People in North America ingest at least 100,000 tiny pieces of plastic every year, according to a report by a coalition of research biologists in British Columbia. The pieces may be as long as a fifth of an inch – about five millimeters – and thin enough to be virtually invisible.
The report is the first that attempts to quantify the amount of plastic routinely entering our bodies.
Half the annual load comes in with food and drinks, the researchers estimate, and the other half we inhale. The airborne bits float up from carpets and car seats, computer keyboards, and any plastic item that’s regularly rubbed or abraded. Most of what goes down the hatch comes from drinks in plastic bottles, which add an estimated 32 times more plastic to a diet compared to that of people who don’t drink from plastic bottles.
Plastic trash also contributes a share, releasing tiny bits of the stuff as bottles, bags, and other waste breaks down in landfills, roadside ditches, and elsewhere.
Perhaps even more disturbing, this study drew its conclusions by analyzing data from 26 previous reports that looked at microplastic samples taken from beer, fish, salt, shellfish, sugar, and water. Those make up only about 15 percent of the total human diet, so that actual volume of plastic each of us takes in annually could be far higher.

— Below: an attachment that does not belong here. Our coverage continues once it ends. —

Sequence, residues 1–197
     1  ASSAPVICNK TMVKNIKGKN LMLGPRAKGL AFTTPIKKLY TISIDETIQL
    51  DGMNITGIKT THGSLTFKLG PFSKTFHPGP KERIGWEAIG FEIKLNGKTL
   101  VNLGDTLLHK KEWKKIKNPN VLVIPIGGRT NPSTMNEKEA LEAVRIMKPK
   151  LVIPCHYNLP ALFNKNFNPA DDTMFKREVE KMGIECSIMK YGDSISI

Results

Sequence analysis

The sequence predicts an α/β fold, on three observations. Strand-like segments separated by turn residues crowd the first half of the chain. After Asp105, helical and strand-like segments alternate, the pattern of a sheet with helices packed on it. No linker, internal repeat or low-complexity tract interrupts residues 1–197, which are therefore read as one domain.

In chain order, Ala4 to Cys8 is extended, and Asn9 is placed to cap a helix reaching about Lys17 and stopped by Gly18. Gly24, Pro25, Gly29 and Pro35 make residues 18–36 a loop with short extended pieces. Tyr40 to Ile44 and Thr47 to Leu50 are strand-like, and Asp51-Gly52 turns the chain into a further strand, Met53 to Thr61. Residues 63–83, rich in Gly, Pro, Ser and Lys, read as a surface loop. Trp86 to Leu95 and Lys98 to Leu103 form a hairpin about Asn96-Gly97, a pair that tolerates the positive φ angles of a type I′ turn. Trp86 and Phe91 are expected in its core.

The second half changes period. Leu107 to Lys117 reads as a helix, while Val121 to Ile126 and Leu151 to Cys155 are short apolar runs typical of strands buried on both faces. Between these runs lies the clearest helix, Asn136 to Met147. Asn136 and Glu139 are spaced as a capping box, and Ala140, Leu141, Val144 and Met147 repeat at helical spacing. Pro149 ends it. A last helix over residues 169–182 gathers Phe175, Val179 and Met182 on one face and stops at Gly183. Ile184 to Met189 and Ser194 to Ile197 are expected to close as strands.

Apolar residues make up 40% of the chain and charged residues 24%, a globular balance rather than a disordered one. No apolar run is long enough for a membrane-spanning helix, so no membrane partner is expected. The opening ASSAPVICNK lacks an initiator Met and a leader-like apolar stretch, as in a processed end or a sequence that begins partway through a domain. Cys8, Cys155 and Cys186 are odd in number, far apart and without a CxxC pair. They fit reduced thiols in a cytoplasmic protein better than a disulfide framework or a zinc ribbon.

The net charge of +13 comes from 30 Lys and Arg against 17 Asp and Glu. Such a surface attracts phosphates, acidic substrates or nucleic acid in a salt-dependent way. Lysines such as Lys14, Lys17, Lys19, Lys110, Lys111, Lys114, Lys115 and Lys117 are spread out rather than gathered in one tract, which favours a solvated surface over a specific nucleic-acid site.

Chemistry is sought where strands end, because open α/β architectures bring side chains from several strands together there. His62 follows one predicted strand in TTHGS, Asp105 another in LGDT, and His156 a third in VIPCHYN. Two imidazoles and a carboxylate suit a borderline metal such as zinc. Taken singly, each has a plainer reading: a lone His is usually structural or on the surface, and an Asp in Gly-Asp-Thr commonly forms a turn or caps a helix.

Last October, a study of human waste confirmed that people do indeed ingest plastic bits. Some of these particles are small enough to lodge in organs or tissues, possibly causing immune or allergic reactions or creating irritation that could produce tumors over time.
The knowledge that hundreds of pieces of plastic are invading our bodies every day may add new urgency to the growing international movement to find alternatives to plastic. However, people have shown that they’re slow to surrender convenience until regulations – either on consumers or on manufacturers and retailers – force change.